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Security Response
Showing posts tagged with Online Fraud
Showing posts in English
Emily Liu | 28 Nov 2011 19:27:40 GMT

Article contributed by Emily Liu, Symantec Security Response Technician

Most of the Russian spam emails we usually encounter are about online advertising, product promotion, and training workshops. These spam emails typically are sent out unsolicited from free or hijacked personal email accounts, without opt-out, and have randomized subjects to avoid being caught in spam filters. Despite the use of random subjects, we continue to observe spammers who like to list phone numbers in the email as the only available means of contact instead of direct URL links.

Here is an example of a recent Russian event promotion spam:

Here is the English translation:

Figure 1. Russian-language spam promotion...

Sammy Chu | 22 Nov 2011 00:17:22 GMT

How does Symantec know it's the week of Thanksgiving? Because as the busiest travel day of the year day quickly approaches, the day just before Thanksgiving , there is a surge in fake email ticket confirmations that lead to viruses.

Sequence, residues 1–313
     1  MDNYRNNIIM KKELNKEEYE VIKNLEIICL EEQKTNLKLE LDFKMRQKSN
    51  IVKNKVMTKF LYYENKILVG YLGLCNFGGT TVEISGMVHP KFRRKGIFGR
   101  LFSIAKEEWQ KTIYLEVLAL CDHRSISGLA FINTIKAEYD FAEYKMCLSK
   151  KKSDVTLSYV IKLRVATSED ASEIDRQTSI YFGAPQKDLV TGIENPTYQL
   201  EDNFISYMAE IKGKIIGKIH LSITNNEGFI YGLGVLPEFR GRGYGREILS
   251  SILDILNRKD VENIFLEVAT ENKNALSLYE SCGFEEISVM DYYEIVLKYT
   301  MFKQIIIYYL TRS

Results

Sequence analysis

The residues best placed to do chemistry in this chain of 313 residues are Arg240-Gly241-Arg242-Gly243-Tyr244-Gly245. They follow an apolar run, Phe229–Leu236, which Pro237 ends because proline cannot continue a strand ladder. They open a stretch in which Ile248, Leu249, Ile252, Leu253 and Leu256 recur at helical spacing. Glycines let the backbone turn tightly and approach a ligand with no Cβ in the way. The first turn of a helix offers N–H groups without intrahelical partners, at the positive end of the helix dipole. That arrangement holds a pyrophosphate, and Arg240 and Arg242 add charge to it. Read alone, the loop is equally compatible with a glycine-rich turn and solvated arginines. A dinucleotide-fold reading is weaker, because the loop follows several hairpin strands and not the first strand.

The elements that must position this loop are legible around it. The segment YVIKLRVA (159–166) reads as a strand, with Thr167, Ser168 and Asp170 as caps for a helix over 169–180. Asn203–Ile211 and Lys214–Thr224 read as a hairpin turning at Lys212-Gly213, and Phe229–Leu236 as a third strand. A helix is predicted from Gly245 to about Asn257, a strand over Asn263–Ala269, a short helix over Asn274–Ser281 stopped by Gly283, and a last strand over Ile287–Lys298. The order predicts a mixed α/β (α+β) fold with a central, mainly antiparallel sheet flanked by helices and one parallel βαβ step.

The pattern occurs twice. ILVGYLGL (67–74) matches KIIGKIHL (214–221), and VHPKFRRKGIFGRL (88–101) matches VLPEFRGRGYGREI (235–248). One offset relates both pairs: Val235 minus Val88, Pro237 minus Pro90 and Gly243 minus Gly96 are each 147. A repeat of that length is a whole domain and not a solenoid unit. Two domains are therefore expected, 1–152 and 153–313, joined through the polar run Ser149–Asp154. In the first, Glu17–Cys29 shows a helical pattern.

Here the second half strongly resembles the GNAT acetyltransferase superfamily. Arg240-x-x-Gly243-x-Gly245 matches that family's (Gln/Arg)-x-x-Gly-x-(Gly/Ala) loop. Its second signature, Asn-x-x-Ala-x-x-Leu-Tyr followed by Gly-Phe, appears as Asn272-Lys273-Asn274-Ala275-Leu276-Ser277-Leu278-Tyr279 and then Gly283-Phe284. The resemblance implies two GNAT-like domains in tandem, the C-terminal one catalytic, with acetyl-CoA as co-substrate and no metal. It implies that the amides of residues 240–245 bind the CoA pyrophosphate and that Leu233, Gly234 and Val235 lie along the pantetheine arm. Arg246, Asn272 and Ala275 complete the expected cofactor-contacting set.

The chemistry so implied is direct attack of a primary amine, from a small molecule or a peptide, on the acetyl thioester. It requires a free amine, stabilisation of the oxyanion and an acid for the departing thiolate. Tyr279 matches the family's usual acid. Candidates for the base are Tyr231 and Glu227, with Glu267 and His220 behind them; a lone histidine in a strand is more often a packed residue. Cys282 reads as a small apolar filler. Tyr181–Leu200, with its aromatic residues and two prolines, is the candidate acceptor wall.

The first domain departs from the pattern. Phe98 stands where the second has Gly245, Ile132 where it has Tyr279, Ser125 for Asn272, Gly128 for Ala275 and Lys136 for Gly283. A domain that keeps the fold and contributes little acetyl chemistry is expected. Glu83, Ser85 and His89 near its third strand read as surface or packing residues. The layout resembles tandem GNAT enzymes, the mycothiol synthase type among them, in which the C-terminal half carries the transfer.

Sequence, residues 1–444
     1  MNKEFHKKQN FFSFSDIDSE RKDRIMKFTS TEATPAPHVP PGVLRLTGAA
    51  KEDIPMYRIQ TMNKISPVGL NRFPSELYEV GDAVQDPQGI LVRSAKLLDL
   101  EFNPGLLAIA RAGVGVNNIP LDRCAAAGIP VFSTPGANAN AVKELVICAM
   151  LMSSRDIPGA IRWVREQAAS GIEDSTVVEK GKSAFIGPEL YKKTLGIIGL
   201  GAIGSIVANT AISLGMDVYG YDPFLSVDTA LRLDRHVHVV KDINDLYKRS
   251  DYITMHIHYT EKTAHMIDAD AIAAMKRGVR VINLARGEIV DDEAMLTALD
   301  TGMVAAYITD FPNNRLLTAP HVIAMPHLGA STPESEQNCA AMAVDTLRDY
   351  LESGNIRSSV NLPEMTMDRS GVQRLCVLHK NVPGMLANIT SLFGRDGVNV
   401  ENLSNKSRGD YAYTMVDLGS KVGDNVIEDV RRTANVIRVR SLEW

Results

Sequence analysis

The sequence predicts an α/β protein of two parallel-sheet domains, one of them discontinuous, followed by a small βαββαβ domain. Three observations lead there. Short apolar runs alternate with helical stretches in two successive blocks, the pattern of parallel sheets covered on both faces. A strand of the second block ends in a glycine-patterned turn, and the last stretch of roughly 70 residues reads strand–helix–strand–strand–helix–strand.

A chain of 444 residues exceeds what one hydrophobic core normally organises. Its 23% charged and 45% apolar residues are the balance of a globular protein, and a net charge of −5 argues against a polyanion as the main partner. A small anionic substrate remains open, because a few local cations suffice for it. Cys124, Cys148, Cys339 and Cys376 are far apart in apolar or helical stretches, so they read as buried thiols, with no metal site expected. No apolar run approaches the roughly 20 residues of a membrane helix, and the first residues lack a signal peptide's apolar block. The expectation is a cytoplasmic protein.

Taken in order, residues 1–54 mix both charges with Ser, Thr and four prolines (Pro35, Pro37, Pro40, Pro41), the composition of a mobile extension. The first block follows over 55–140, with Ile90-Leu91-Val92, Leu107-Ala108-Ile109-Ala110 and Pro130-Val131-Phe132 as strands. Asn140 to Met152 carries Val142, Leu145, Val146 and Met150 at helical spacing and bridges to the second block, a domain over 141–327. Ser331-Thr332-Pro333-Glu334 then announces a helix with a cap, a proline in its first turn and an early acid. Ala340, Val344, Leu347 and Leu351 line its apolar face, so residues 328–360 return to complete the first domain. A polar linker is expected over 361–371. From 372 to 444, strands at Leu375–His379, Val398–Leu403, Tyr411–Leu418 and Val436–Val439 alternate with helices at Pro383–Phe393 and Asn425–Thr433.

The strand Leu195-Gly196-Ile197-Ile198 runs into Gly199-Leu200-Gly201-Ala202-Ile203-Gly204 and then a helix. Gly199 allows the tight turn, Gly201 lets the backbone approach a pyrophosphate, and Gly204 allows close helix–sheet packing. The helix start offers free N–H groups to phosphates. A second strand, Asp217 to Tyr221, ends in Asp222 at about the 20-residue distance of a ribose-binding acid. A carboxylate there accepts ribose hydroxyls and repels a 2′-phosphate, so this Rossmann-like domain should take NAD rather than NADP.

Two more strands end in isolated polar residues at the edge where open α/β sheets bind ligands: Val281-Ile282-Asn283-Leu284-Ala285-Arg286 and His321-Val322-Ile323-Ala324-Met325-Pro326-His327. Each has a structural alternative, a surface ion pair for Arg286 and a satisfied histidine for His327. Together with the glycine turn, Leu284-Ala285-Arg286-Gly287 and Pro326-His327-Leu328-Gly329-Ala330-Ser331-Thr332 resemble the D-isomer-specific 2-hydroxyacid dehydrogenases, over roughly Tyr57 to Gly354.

Here is what a fake airline message looks like:

If you inspect the HTML coding for this message carefully, you will notice a malicious link in the anchor tag:

This link redirects to a known malware-hosting site in Russia which previously hosted Trojan.Maljava. Trojan.Maljava is a detection name used by Symantec to identify malicious Java files that...

Mathew Maniyara | 12 Nov 2011 00:21:01 GMT

Co-Author: Avdhoot Patil

When phishing through social media, fake applications are a key technique used by phishers to introduce new kinds of baits. In October, 2011, phishers launched a new fake application named "Maldivian App". The phishing site was hosted on a free webhosting domain. It should be noted the legitimate site does not provide such an application.

Phishers put in more creative thought and time than usual in designing this phishing page. The phishing site contained an image with details about the application and included a form for Web users to enter login credentials. The image presents a ribbon in the tricolors of the Maldivian flag accentuated with the logo of a social networking brand and a Maldivian flag T-shirt. A prominent description of the application boasts that, after logging in, users would receive "cool news" about the Maldives.

For those interested in learning more about Maldives, wouldn’t it be...

Samir_Patil | 31 Oct 2011 19:04:30 GMT

Contributor: Anand Muralidharan

Recently, the death of Libyan leader Muammar Gaddafi triggered a malware attack which Symantec previously blogged about. We have observed spammers' continued delight with this news event through the sending of malicious attack and 419 spam messages.